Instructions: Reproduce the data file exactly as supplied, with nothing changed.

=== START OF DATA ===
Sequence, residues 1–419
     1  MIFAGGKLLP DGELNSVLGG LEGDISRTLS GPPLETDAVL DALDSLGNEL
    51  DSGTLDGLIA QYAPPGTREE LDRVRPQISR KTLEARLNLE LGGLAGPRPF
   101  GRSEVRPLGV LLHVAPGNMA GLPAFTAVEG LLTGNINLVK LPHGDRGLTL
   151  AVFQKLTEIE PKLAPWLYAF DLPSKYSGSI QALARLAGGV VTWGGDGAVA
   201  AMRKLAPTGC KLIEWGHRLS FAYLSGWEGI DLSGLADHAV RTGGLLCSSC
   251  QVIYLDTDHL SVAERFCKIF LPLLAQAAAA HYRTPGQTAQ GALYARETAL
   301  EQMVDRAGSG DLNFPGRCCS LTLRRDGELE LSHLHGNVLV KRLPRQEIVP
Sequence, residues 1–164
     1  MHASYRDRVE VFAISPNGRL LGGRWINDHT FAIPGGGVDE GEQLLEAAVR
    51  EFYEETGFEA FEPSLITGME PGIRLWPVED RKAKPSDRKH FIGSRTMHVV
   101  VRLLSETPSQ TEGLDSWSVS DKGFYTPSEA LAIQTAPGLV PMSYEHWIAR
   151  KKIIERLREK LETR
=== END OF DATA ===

Sequence, residues 1–419
     1  MIFAGGKLLP DGELNSVLGG LEGDISRTLS GPPLETDAVL DALDSLGNEL
    51  DSGTLDGLIA QYAPPGTREE LDRVRPQISR KTLEARLNLE LGGLAGPRPF
   101  GRSEVRPLGV LLHVAPGNMA GLPAFTAVEG LLTGNINLVK LPHGDRGLTL
   151  AVFQKLTEIE PKLAPWLYAF DLPSKYSGSI QALARLAGGV VTWGGDGAVA
   201  AMRKLAPTGC KLIEWGHRLS FAYLSGWEGI DLSGLADHAV RTGGLLCSSC
   251  QVIYLDTDHL SVAERFCKIF LPLLAQAAAA HYRTPGQTAQ GALYARETAL
   301  EQMVDRAGSG DLNFPGRCCS LTLRRDGELE LSHLHGNVLV KRLPRQEIVP
Sequence, residues 1–164
     1  MHASYRDRVE VFAISPNGRL LGGRWINDHT FAIPGGGVDE GEQLLEAAVR
    51  EFYEETGFEA FEPSLITGME PGIRLWPVED RKAKPSDRKH FIGSRTMHVV
   101  VRLLSETPSQ TEGLDSWSVS DKGFYTPSEA LAIQTAPGLV PMSYEHWIAR
   151  KKIIERLREK LETR